I can discern no difference between King’s vicarious redemption and Frost’s.  Hear Frost now:  “The ONLY WAY Israel could be redeemed is through the body of Christ… Therefore, they were made MEMBERS of that body through Spirit’s applying of blessings upon the firstfruits so that through the part, the whole could also be included.”  Did you catch that?  The Old Testament saints were made members of the body of Christ through the firstfruits; through the obedience of the gospel Jews, the Old Testament saints were included in the blessings of Christ!  Poor Sam, this is not Reformed theology at all!  The logical corollary is that if no Jew obeyed the gospel, the Old Testament saints would have perished, as alleged by King.  Hear Frost again:  “Thus, if the firstfruits obtained what Israel so earnestly sought for, and the whole is holy because of the firstfruits, then those being baptized ‘on behalf of the dead’ are clearly, organically connected to the dead whose behalf they were being baptized for.”  Thus, according to Frost, the whole (Old Testament dead) are holy because of the firstfruits (the gospel Jews).  Thus, when Jews obeyed the gospel the “organic bond” (where is this ever mentioned or taught in the Bible?) between them and their dead ancestors meant that the dead were vicariously redeemed by the living; they were mysteriously removed from the “dead” and added to “living,” they became members of the body of Christ by the response of gospel Jews and in this way, and only this way, came in contact with the saving blood of Christ.  The reader will immediately recognize that the Bible nowhere teaches such a ridiculous notion.  This is nothing if not a wedding of Catholic purgatory and Mormon baptism for the dead.  If Frost cares to take it up further, we can debate it formally in writing. But rather than debate Frost about what King means, King could clear this matter up by simply explaining himself, and disallowing this doctrine.  There is an old saying that says “He who is silent consents.”  King’s silence is evidence that I have not misrepresented him one wit.  But then don’t rely upon me, read his book yourself!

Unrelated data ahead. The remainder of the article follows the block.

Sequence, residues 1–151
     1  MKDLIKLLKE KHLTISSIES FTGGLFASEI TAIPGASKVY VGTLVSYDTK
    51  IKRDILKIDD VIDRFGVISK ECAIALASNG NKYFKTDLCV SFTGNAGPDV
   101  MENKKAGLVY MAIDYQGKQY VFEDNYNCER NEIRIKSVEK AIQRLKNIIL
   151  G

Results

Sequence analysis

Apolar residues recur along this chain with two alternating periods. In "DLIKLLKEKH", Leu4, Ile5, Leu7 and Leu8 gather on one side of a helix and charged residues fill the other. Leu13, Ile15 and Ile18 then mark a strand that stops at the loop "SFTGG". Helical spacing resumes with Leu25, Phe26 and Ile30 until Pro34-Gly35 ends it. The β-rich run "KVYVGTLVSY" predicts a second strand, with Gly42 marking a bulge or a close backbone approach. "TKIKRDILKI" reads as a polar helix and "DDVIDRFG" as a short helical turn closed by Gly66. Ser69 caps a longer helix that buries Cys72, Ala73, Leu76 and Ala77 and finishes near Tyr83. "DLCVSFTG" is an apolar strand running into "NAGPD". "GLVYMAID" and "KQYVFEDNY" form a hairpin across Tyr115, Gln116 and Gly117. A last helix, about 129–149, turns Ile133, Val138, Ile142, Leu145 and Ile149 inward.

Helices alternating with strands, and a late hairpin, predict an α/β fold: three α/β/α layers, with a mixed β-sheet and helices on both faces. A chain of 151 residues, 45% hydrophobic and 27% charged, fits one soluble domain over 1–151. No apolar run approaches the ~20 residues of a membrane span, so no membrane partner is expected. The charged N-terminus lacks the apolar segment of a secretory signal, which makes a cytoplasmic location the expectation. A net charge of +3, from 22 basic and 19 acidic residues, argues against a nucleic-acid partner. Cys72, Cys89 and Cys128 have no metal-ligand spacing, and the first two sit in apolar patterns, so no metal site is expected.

Concluding Remarks

Frost and King are beloved brothers.  Unfortunately, Frost has come under the influence of King and has adopted King’s false doctrine of firstfruits.  According to this doctrine, were it not for the response of the baptized remnant or firstfruit Jews, the Old Testament saints would have been left to perish.  Frost doesn’t like the term “vicarious redemption,” but call it what you will, either way it is unscriptural.  King has expressly stated that there are “two one thousand years terms.”  Thus Simmons is not the only one who has seen two millennia in Rev. 20:4-6.  This grieves Mr. Frost who insists only one millennium is contemplated by the text.  However, when his theory is shot full of holes by the fact that the loosing of the dragon at the end of its thousand-year binding doesn’t correspond to the resurrection of the saints at the end of their thousand years, he simply invents a new theory for the timing of the resurrection!  Although he fully expects it to be rejected by Preterists, he says it is the only way he can save his single millennium model.  (“I offer it humbly in full anticipation of disagreement and rejection, but, as of now, I can see no other solution.”)  Frost has thus committed himself to a position that he cannot defend.  We hope that thinking students of the Bible will not follow in his mistake.